In the early 1970s, when the eccentric millionaire gambler and zoo owner John Aspinall was looking for a second plot of land to house his growing collection of endangered species, he discovered the mansion and grounds of Port Lympne. He decided to restore the house and its gardens, as he had become enchanted with the property.
Part of the restoration involved creating a pair of murals that would capture the awe Aspinall felt for the natural world and particularly the fauna of India where he had been born and spent much of his childhood years. He commissioned a close friend, the artist Arthur Spencer Roberts, to paint a mural that showcased the extraordinary mammalian, avian, and reptilian biodiversity of several of the world’s regions.
Depicted among the forest, jungle, desert, and alpine landscapes is a Jungle Book-esque bestiary of animals. In forested glades and mountain peaks prowl large predators such as Bengal tigers, hyenas, pythons, snow leopards, bears, leopards, wolves and (Asian) lions, while a variety of smaller carnivores such as otters, jackal, red pandas, civets, various smaller wild cats, monitor lizards, and cobras can be spotted too. Cavorting across canopies are troops of apes and monkeys while creeping through thickets and bamboo glades are peculiar primates such as the slow and slender loris. Birds abound within the mural, which shows songbirds, mynahs, woodpeckers, tragopan grouse , pheasants, peacocks, hornbills, cranes, storks, vultures, eagles, and owls. Browsing among the undergrowth is a multitude of ungulates such as deer, gazelle, antelope, onagers, wild goats, boar, and herbivorous heavyweights such as rhino, buffalo, gaur, Malayan tapir, and elephants.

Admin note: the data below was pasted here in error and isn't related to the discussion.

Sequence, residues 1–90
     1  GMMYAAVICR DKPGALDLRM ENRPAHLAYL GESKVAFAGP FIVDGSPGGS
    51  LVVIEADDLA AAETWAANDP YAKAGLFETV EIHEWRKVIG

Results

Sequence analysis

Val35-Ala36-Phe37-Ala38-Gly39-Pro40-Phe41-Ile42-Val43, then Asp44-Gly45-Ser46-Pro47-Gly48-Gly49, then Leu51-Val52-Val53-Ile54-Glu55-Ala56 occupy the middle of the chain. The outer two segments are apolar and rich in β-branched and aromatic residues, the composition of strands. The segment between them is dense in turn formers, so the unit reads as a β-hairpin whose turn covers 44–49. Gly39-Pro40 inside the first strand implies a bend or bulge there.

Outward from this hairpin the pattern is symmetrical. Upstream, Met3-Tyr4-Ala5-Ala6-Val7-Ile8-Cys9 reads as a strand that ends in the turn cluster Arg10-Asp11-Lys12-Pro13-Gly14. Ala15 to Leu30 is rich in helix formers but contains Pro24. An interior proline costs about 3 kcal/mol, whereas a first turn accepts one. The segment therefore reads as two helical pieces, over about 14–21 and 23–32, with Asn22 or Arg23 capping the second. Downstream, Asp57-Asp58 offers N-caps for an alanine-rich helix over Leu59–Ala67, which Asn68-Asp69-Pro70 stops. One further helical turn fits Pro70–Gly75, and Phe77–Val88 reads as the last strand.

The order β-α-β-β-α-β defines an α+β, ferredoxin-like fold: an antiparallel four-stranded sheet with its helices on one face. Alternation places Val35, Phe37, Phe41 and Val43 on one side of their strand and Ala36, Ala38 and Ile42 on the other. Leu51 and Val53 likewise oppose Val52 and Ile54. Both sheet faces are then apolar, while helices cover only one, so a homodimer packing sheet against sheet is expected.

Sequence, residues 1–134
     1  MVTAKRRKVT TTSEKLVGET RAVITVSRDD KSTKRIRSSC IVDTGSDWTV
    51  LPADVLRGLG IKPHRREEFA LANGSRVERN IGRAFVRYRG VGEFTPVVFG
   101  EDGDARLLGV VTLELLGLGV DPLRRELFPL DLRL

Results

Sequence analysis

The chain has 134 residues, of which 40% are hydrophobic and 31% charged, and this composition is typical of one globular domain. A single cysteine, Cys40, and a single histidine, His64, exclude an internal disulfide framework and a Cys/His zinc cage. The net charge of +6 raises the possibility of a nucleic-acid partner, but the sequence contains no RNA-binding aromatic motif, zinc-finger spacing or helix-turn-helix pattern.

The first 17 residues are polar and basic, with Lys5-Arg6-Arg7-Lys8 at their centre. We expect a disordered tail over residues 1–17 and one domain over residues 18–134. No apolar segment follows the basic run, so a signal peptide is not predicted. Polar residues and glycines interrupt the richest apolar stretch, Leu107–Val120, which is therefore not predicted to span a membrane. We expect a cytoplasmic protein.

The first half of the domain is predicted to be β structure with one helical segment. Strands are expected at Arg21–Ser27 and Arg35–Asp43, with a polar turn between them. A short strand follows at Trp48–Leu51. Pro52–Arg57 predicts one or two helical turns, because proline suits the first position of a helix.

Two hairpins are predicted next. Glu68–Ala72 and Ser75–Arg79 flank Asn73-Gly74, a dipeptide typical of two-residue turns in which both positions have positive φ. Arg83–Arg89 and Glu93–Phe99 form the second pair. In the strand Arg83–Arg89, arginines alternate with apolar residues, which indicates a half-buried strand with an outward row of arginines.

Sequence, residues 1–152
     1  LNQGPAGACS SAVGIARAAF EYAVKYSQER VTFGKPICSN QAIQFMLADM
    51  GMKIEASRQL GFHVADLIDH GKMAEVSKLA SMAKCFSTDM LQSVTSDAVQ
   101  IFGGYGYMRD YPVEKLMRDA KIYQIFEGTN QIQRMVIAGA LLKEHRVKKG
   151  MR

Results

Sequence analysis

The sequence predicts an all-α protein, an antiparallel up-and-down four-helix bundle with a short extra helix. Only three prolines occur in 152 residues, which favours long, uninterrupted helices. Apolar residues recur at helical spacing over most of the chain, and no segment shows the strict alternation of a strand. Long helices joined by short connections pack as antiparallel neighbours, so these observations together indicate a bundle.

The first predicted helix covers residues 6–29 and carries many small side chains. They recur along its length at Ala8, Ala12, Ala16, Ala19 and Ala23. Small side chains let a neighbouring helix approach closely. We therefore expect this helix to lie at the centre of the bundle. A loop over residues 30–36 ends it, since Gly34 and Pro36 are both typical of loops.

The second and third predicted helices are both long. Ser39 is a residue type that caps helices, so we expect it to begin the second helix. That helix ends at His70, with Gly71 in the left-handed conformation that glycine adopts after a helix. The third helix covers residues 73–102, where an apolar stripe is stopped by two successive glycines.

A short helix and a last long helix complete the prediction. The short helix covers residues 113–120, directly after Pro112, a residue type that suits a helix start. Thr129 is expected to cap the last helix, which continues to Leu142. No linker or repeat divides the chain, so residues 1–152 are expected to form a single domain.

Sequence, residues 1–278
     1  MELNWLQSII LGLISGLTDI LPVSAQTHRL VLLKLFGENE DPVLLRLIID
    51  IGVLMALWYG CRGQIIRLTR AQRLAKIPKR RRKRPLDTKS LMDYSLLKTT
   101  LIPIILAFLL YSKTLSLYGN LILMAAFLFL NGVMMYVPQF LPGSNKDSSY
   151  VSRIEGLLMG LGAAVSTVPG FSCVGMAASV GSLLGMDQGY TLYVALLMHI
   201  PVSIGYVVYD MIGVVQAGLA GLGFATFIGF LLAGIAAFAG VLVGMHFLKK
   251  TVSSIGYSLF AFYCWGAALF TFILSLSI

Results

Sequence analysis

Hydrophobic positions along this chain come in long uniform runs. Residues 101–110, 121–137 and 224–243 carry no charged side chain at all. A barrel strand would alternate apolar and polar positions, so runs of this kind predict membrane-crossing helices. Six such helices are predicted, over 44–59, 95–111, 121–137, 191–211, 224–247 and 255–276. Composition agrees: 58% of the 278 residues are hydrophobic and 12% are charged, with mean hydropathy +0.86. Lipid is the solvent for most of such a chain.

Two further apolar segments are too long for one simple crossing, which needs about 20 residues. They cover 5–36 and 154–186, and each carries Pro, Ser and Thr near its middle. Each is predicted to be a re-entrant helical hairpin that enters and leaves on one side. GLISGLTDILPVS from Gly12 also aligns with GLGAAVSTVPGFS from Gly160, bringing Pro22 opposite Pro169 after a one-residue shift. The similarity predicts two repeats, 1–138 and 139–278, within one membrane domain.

Many of the animals are depicted together and juxtaposed, despite not occuring in the same natural habitats. These forgivable (and intentional) zoogeographical errors, aside this mural is intended to be an unabashed visual celebration of the natural world. Roberts himself experienced some of these landscapes and witnessed some of the creatures while stationed in Northern India and Burma during World War II.
Roberts, despite possessing an incredible artistic talent, was a rather humble and shy man who consistently declined the attention and competition of the commercial art world and instead preferred to focus on his passion for creating visually stunning works of art that captured the beauty of the natural world.